Our Instructors

 
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Lolly Durant

Durant’s work ranges from mono-type prints, marbling on sailcloth to mixed media, gourd assemblages to wheel thrown pottery. During graduate school, her focus was in printmaking, painting and art education. Olive is an arts educator/artist and continues to work as a Teaching Artist with Tennessee Arts Commission. “My approach to creating a work of art is based on the ‘less is more’ concept. Creating art;be it pottery or marbled, hand-printed cloth restores my capacity for wonder, scientific exploration and experimentation. “

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Loren Howard

Loren has worked professionally in multiple media from film, set design, bronze and multiple large sculptures. After receiving a BS in computer animation in 2003, he fell in love with the tactile nature of clay and three-dimensional design which moved his work from digital toward experimental week long wood firings, atmospheric firings, Japanese, and Chinese aesthetics, and the firing techniques and glazes they used. Experimentation developing new techniques as well as learning old techniques is more important to him than the finished product. 

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Nicole Johnson

As a four year Hope Scholar, she studied Art and play softball at Gordon College in Barnesville, GA. After obtaining her Associates in Art, Nicole continued her education at Georgia State University (GSU). At GSU, while studying ceramics, she was exposed to several different art genres including; printmaking, life drawing, and fiber arts. After graduating GSU with a BA in Studio Art, Nicole went on to teach and develop several children's ceramics classes at Pinckneyville Community Center in Norcross, GA. Nicole has more than 5 years experience teaching children ceramics (hand building & wheel). She enjoys explaining the ceramic process to new students as well as incorporating the principles of Art and Design into her workshops.

Julie Johnson

Julie, a native of East Tennessee, earned a BA in International Studies from UT Chattanooga in 2007. She first came to ceramics as a Work Study student at the John. C. Campbell Folk School in Brasstown, NC in 2011. As a studio apprentice at The Village Potters studio in Asheville, NC, she began to hone the surface design techniques and vibrant colors that define her current body of work. She loves to take her surfaces on a design journey, applying her love of illustration, graphic design, and print making through sgraffito, stamping, screen printing, resist, and more. Julie has been teaching ceramics to kids and adults since 2012, and she loves sharing the creative journey of making with others.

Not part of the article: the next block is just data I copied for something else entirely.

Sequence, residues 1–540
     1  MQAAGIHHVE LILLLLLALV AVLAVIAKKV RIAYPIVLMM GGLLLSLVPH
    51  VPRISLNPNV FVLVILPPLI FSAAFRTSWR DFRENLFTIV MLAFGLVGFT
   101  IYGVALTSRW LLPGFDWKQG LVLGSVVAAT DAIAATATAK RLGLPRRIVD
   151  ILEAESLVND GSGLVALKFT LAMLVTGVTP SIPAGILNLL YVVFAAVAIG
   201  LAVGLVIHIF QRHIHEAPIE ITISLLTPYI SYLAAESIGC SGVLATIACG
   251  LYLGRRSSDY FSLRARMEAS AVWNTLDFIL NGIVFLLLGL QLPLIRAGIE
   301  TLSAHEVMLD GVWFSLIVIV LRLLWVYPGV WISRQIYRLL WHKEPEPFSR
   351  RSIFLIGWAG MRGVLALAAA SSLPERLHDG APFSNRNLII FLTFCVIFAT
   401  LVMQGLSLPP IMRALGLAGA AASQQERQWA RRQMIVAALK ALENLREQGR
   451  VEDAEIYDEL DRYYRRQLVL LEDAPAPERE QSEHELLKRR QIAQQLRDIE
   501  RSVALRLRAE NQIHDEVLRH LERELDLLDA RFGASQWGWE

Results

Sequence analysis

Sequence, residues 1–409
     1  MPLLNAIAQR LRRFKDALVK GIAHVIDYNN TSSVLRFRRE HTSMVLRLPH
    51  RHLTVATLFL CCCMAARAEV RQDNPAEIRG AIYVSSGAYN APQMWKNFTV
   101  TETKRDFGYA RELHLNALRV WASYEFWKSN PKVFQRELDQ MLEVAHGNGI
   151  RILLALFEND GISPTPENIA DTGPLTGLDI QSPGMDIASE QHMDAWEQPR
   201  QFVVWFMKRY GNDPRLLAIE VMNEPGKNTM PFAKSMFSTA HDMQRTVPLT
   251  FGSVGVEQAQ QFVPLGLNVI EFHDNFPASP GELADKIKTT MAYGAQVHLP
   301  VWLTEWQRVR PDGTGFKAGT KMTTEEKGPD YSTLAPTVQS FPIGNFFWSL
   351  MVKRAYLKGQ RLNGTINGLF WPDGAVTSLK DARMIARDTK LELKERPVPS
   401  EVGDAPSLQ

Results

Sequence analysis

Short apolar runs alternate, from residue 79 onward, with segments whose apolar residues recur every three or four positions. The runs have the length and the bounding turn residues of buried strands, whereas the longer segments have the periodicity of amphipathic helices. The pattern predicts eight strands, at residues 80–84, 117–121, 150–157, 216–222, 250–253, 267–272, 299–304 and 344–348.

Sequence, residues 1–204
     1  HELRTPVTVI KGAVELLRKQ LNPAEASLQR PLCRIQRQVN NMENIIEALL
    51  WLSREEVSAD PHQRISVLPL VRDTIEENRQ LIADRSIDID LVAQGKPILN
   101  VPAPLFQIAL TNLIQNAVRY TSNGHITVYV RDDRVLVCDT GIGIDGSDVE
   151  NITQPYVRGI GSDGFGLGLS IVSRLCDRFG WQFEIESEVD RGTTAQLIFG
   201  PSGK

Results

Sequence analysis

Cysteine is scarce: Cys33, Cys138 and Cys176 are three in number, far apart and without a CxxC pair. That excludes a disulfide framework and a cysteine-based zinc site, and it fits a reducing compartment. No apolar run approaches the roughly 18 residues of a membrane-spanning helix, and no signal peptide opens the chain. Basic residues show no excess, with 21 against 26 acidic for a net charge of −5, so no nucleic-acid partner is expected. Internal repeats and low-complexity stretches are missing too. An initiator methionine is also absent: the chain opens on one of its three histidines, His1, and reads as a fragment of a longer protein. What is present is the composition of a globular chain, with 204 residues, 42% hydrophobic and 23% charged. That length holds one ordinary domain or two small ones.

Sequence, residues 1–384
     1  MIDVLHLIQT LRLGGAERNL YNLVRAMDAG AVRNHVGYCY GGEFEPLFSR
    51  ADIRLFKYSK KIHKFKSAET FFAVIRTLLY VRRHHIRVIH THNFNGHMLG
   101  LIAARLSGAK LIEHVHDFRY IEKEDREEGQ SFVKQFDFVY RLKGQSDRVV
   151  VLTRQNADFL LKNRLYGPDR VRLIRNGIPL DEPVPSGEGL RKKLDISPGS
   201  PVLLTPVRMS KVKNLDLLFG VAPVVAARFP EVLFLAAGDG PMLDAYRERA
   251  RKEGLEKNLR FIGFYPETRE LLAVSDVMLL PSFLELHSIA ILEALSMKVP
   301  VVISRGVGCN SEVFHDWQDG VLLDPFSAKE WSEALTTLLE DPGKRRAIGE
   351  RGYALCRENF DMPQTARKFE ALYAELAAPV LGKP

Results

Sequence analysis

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Carrie Anne Parks

Carrie Anne began making tiles at Wesleyan College in Macon, GA, where she completed a B.F.A. in ceramics and drawing. Following college, she worked as an apprentice to potter Takeo Sudo in Mashiko, Japan. She then earned an M.F.A., with an emphasis in ceramic sculpture, at Virginia Commonwealth University in Richmond, VA. In 1982, she joined the faculty of Alma College in Alma, MI, where tilemaking was a regular part of her 3-d design curriculum. She often had opportunities to collaborate with her students on tile installations for the College and completed a number of large-scale tile installations of her own. Carrie Anne’s figurative drawings and ceramic sculptures are exhibited nationally and have been included in numerous books on contemporary ceramics. Recently, her work has won awards in the Cheongju International Craft Competition in Cheongju, Korea and the Bradley International Print and Drawing Exhibition in Peoria, IL. In 2015, she relocated to her hometown, Chattanooga, where she has set up a new studio.

Victoria Kile

Victoria has been a studio artist and teacher since 1990 concentrating in clay.  She makes functional pottery as well as sculptural ceramic pieces.  She enjoys the process of working with wet clay, knowing that every movement of her hands and fingers will affect it. She believes that a beautiful object can take us out of the rush of practical life into another reality - that it is a necessary part of ordinary life.  Her intention is to make objects which will enrich the lives of the people who see and use them, thus establishing a relationship between the user and the maker.

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Paul Whetstone

Paul developed a passion for pottery as a senior in high school. This passion truly flourished while he was in college at UT Knoxville studying ceramics. His favorite forms are utilitarian, wheel-thrown pieces that can be used on a daily basis. Paul believes that unique, handmade objects play a vital role in our modern world. They offset the impersonal repetitiveness of mass produced goods, and remind us of our ancient traditions as artists and craftspeople. Paul says, "I am drawn to the process of production pottery. Turning a piece of raw clay into a permanent, usable object through the many steps of the process has always mesmerized me, and I become easily lost in concentration while I undertake each piece. I am excited to share my love and knowledge with students at SCCA. This is an inspiring studio to be a part of, with many talented artists of different backgrounds and aesthetic approaches."